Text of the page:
Best tunes of 2002: #28 The Jeevas “Once upon a time in America”

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Crispian Mills is the son of Walt Disney child actress (and Miss Bliss from “Saved by the Bell”), Hayley Mills. He also happens to be the frontman of a psychedelic pop rock outfit called Kula Shaker that came to prominence in the late 1990s. Like pretty much any band from England that had a vaguely alternative pop/rock sound at the time, Kula Shaker was lumped in under the BritPop umbrella. Mills split up the group after only two albums in 1999 with a mind of going it solo but finally re-formed the group in 2005 after a handful of unsuccessful musical endeavours.

The Jeevas was the closest project during this time that Mills had put together to find a sense a stability. Formed as a trio, with two former members of the band Straw, the group actually released two full-length albums in 2002 and 2003, matching the output of Kula Shaker by that point. They are largely forgotten these days, rightly or wrongly, but I always thought they had a few high moments that were worth mentioning at the beginning of the 21st century.

I couldn’t tell you now how I first heard of the group and came upon their debut album, “1-2-3-4”. I was definitely active in looking for new music on the internet in those days, by both new and old favourite bands. Living in North America, I never did hear a lot about Kula Shaker’s dissolution and since I loved their first two records, I was probably searching for news of the group and its frontman on the regular. I definitely remember recognizing the sound in The Jeevas’ music upon first listen. It was kind of like Kula Shaker but without all the traditional Indian instruments, a mimicking of psych rock of the 60s and 70s and Mills’ furthuring his Lennon-like vocals.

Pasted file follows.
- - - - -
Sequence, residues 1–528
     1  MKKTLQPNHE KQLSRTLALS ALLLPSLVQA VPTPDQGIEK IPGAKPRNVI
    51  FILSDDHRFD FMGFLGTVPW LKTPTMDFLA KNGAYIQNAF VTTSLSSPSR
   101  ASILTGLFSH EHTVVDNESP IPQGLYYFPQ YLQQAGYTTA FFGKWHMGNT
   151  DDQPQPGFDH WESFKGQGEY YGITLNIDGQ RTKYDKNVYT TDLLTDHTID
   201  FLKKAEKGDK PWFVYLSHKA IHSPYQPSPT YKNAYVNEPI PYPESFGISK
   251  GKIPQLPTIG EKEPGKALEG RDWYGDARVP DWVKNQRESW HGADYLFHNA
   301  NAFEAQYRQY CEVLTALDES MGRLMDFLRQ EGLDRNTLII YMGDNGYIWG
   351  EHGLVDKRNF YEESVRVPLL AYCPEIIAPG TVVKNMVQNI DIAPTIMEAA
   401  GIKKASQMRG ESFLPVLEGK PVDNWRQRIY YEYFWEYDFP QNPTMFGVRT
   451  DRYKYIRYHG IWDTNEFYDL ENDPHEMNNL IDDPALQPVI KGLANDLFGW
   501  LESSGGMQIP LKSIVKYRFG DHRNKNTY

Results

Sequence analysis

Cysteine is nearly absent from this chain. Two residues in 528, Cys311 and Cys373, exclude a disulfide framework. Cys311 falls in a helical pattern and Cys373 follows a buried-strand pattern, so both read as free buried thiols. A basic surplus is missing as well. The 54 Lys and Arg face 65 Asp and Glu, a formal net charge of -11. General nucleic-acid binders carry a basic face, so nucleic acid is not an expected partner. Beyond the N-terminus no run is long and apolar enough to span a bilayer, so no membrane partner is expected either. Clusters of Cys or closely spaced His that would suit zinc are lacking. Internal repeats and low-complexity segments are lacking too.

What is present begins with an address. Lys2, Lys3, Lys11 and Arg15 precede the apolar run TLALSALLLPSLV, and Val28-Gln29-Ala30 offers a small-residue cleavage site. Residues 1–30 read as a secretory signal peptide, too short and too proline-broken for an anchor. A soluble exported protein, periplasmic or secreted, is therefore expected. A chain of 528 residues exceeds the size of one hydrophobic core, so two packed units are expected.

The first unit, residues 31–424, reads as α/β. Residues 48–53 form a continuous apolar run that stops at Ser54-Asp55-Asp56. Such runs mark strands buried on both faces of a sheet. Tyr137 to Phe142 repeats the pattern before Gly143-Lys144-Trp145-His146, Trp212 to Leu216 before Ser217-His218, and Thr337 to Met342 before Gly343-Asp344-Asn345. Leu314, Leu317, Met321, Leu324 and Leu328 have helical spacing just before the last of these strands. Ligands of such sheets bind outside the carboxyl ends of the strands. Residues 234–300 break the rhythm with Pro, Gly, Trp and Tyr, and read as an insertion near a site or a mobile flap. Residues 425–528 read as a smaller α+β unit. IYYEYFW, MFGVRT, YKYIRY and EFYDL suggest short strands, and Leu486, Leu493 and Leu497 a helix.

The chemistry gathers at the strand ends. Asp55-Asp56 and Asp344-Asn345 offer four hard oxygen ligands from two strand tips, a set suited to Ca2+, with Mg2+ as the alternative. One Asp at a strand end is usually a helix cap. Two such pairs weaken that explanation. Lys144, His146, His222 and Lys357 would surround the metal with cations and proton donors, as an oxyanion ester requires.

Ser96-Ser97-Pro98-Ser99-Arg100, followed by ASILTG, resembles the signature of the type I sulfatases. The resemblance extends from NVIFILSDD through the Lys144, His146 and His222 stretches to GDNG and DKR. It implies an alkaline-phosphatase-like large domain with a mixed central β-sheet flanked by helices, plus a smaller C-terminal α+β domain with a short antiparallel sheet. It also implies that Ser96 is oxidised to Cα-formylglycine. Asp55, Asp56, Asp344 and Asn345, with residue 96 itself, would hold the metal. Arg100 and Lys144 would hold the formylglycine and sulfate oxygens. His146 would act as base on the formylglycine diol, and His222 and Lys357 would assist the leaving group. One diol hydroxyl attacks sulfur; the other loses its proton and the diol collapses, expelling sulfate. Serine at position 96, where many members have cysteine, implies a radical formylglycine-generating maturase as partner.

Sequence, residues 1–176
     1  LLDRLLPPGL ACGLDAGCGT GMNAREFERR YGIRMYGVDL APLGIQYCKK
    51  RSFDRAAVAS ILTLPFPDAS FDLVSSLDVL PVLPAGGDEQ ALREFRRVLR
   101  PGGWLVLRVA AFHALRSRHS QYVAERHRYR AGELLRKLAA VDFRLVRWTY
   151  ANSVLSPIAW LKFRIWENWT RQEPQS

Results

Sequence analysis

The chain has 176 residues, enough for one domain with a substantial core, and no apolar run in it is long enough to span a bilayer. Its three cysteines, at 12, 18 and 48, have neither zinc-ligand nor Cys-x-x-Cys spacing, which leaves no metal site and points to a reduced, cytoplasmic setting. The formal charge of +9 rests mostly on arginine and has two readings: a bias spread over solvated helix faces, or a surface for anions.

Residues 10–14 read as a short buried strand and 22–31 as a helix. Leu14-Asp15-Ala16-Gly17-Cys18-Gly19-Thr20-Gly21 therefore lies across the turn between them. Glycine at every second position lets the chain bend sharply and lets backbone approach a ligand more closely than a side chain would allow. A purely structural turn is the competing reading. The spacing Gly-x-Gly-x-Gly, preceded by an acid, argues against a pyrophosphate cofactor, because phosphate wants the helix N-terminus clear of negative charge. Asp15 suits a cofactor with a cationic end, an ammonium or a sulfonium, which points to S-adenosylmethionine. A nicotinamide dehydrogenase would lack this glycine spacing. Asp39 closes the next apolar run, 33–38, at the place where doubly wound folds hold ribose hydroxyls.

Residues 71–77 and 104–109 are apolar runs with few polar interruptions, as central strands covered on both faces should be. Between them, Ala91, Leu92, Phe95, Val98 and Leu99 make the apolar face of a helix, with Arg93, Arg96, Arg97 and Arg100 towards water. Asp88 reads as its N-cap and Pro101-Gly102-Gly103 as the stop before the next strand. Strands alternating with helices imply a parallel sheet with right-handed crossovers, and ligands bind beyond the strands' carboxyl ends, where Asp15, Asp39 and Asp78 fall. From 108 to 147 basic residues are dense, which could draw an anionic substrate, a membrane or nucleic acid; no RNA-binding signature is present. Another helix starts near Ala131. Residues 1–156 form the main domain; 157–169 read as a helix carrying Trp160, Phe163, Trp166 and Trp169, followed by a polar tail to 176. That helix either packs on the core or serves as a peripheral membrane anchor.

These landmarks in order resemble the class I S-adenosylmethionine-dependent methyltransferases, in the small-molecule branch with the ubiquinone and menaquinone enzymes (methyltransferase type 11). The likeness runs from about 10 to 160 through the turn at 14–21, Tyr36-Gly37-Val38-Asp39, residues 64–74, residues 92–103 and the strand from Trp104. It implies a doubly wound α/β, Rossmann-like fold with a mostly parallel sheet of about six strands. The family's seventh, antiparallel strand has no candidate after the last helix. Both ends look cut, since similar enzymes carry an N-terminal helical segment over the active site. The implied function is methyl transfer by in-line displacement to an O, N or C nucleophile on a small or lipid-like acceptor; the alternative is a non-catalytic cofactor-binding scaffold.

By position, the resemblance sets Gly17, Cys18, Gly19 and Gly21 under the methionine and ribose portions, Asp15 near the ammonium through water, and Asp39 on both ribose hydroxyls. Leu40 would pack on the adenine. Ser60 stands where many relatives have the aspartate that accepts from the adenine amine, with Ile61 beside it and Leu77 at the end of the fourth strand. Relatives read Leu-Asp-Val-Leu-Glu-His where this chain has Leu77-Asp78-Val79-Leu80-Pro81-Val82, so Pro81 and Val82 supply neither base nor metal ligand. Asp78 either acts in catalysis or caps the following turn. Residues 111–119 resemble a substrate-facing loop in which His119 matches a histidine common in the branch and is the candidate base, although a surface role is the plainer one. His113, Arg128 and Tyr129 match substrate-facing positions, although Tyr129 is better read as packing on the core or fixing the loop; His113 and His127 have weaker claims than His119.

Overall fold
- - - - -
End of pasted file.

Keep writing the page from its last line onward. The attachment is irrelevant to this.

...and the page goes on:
There was something about “Once upon a time in America” that stuck for me amongst rest of the songs on “1-2-3-4”. It just popped with all the energy of a live performance out in the hot sun. I’ve never really paid much attention to what Crispian Mills is singing about here but sometimes, that doesn’t necessarily matter. The guitars cavorted between crisply bouncy and messy noise, the drums pound and crash, and Mills just lays it out there. If these three ever made it big, this could’ve been their stadium anthem.

For the rest of the Best tunes of 2002 list, click here.

Best tunes of 2011: #11 I Break Horses “Winter beats”

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Shoegaze was a subgenre I loved way back in the day (though I likely joined the train just as it was coming to a skidding and screaming stop) so when I started to hear bands incorporating that sound into their music in the mid- to late-2000s, I got pretty excited. And though I never thought much of the term ‘nugaze’, I definitely latched on to a lot these revivalists, of which I Break Horses is but one fine example.

From what I’ve read, the Swedish duo of Maria Lindén and Fredrik Balck named themselves after a Bill Callahan/Smog song. Other than that piece of trivia, there’s little else to be found about them, other than the obvious: the names of their two albums, they haven’t released new material in quite a few years, etc. However, I can say that the debut album “Hearts” is a thing of real beauty and around the time it came out, I couldn’t say enough about it. Yeah, I did my damnedest to spread the word. When I got the chance to see them the year following its release, during their tour as support to M83, I jumped at it and tried to convince all of my friends to join me. Unfortunately, this was an uphill task since the majority of my concert-going buddies were going to the same Spiritualized show as I was on the day prior. It was their loss because my second concert in as many nights was just as good as the first.